Tuesday, November 27, 2007

Two coaches from differing generations earn amazing memories


Two coaches from differing generations earn amazing memories
November 26, 2007



Life is made up of moments -- some are so magical you want to preserve them in your memory and cherish them for the rest of your life.

Ken Hofer is more than twice Peter Stuursma's age, but both enjoyed that kind of moment Saturday evening in Ford Field.

Hofer, 73, watched his Menominee team win its second straight Division 5 state championship with a 21-7 win over Jackson Lumen Christi, and Stuursma, 36, saw his East Grand Rapids team repeat in Division 3 with a 46-39 victory against Orchard Lake St. Mary's in a record five overtimes.

Stuursma, one of the state's bright young coaches, was not supposed to be at Ford Field playing for another title this year, not after losing 20 starters.

But there his Pioneers were, battling a St. Mary's team with terrifying speed and taking them into overtime.

No state final had ever lasted more than two overtimes and no playoff game had ever gone more than four, and this one almost didn't either, after St. Mary's faked a conversion kick and passed for a two-point conversion for an eight-point lead to begin the fourth overtime.

"It obviously put more pressure on us, but it doesn't change the way we go about our play calling or the plays we have to make," said Stuursma. "Our kids got us here to this point and at that point you have to let them go make a play. At that point it was our players making plays, and they did."

East did make plays to score a touchdown and add the two-point conversion before scoring again to take a seven-point lead to begin the fifth overtime. When a St. Mary's fourth-down pass fell incomplete, the longest game in playoff history was finished.

"It's a shame that someone had to lose the game," Stuursma said. "That team played so hard -- Orchard Lake played so hard, our kids played so hard. It was a classic, classic display of high school kids playing their hearts out.

"You can't write a script like that. Never seen anything like it."

Stuursma was gassed but still wide-eyed with amazement 40 minutes after the game. He realized what had happened was special, especially when you consider this might be the least-heralded of the four championship teams he has coached, making the moment one to remember forever.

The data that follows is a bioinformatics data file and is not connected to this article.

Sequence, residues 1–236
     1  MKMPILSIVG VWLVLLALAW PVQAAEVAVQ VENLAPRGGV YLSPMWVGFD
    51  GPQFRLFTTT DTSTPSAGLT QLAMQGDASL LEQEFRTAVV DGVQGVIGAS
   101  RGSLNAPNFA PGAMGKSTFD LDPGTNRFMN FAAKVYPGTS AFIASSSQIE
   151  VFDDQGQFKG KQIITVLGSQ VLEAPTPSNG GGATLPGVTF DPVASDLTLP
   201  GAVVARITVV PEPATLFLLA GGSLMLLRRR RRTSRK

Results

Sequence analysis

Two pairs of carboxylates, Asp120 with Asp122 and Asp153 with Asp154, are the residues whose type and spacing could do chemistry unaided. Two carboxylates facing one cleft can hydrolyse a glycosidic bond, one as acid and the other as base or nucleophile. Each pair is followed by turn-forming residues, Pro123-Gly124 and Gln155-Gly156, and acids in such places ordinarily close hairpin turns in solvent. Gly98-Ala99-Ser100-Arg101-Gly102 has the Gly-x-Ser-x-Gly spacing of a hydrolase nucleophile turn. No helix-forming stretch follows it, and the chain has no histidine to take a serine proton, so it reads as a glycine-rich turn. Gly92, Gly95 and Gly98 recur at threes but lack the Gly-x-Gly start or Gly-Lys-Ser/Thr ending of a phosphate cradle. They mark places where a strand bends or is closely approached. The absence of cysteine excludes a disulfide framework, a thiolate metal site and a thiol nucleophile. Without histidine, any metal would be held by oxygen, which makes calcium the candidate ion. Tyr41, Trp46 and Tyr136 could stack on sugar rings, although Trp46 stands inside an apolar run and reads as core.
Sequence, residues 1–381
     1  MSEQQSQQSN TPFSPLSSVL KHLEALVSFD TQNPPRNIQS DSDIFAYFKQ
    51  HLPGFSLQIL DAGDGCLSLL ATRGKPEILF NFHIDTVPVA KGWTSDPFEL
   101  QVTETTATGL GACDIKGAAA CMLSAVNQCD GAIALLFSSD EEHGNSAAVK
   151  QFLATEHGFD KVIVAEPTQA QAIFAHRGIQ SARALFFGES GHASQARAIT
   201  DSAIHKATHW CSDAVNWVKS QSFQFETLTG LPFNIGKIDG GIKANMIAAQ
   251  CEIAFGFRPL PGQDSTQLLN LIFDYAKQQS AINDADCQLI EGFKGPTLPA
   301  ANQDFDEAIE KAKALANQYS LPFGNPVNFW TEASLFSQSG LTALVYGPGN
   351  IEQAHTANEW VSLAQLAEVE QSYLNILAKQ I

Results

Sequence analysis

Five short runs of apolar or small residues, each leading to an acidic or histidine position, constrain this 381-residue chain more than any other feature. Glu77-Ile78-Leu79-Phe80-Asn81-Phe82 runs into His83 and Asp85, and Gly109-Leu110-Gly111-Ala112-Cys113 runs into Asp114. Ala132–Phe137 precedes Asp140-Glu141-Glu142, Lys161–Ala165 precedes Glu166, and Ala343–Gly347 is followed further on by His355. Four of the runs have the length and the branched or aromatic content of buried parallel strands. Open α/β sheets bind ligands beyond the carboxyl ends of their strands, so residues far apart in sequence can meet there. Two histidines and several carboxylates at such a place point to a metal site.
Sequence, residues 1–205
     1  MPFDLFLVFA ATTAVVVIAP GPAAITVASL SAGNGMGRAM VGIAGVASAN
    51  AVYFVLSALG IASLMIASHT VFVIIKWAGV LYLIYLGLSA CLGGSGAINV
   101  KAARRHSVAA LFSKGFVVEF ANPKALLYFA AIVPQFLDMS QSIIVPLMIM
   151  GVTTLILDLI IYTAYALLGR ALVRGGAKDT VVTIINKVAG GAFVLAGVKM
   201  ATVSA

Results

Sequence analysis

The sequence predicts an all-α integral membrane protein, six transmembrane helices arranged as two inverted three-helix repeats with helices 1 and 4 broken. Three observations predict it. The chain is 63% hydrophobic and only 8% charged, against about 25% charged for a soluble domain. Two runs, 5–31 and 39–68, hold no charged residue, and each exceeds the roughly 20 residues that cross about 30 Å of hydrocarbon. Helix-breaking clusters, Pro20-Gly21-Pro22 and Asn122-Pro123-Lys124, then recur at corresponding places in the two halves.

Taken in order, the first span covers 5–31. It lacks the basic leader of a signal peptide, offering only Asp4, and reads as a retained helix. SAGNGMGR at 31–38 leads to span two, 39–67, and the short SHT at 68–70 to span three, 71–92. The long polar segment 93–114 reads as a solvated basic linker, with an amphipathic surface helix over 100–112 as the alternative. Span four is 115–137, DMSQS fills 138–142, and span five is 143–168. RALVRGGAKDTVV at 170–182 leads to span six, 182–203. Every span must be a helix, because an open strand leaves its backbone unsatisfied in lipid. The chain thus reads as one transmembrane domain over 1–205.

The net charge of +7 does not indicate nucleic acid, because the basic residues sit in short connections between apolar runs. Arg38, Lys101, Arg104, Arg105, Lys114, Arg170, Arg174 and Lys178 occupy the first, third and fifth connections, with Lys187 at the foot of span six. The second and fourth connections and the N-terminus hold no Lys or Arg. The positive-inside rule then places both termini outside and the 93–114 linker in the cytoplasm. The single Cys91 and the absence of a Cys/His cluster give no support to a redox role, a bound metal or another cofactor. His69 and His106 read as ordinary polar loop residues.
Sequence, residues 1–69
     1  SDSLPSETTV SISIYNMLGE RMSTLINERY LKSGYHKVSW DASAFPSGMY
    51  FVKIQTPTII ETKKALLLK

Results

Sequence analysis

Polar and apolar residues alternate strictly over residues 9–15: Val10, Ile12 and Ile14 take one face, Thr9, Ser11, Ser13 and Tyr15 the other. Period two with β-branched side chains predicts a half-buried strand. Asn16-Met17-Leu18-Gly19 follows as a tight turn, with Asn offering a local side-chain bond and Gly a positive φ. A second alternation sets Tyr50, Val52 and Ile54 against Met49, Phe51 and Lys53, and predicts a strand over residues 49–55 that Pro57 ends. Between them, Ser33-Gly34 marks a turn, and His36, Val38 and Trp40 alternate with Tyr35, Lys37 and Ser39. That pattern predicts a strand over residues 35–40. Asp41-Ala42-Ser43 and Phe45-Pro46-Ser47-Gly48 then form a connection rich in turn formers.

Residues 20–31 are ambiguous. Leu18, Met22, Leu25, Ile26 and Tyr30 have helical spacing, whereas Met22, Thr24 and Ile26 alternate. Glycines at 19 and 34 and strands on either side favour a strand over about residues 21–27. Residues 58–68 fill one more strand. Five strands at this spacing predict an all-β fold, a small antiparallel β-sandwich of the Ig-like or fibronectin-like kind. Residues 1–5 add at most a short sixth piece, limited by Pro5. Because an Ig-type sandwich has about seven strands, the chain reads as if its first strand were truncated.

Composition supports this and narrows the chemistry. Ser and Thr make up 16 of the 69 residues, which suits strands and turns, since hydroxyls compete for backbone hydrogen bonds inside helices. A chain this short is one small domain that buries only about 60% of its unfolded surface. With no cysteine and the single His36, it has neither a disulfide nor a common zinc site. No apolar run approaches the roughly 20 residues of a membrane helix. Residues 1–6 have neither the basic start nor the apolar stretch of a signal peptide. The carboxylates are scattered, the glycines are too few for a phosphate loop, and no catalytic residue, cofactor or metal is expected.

"I just had the privilege of coaching an unbelievable group of kids that just didn't feel like losing," Stuursma said.

This had been a difficult five-week playoff for Hofer. The Wednesday before the playoffs began he was blindsided at practice and broke his right leg. A plate and seven screws were inserted during surgery, and he still cannot put any weight on the leg.

He coached the first four playoff games from the press box, but Ford Field's press box is seven stories above the playing field and from there it is often difficult to determine who has the ball without looking at the gigantic screens in each end zone.

"There's no energy up there," he said. "I like to be on the sidelines. The two guys up there with me were probably ready to throw me out because I'm not a very patient individual. When you're on the sidelines, that impatience can come out in a positive way so things can happen."

But the press box was the only safe place for Hofer during the game, so he hopped in a wheelchair that close friend and athletic director Dale VanDuinen pushed to the elevator and then to the coaches' booth in the press box.

"Without his legs and these wheels," Hofer said, "I'd certainly be lost in the shuffle."

At halftime, it was back to the elevator and down to the field level to the locker room to speak to the players before heading back upstairs again.

"It's a long ways up there, I'll tell ya," Hofer said. "You look down there -- I like to see football players down there, but it looks like a bunch of mice running around, they're so small.

"I was fortunate I had people who were my eyes and ears and mouth and could relay the message of what we wanted to get done. But it concerned me because I've been there so long and, let's face it, I have a little pride in my esprit de corps of what's going on, too."

Over the years, Hofer had always praised the work of his varsity assistants -- Ron Englund, Joe Noha and Jamie Schomer -- but he gained an even greater appreciation for them these last five weeks.

"My associate coaches and the coaches on the freshman and JV level have been tremendous," Hofer said. "When I think of what our varsity coaches have done without me there -- they've taken the bull by the horns and run the practices and done the things that had to be done. They warrant the greatest of cheer for what they did for this Maroon team during a tough time. They picked up where they had to and made it work."

As the final seconds ticked off the clock, there was one more trip down the elevator. VanDuinen wheeled Hofer down the steep ramp toward the field.

As he hit the field, the public address announcer said: "And here comes the coach." The players turned and began cheering madly, as did the fans, and Hofer raised his right arm in triumph. At that moment, Hofer was no longer a guy in a wheelchair. He was the king of Menominee.

"That was one of those real special moments in a coach's life," Hofer said. "To be upstairs where you are in a sterile situation, and come down and start across the field and have your team turn to you and cheer, along with the fans, that was a very, very special moment."

Stuursma understands what Hofer was talking about.

Detroit Free Press
600 W. Fort
Detroit, MI 48226


No comments: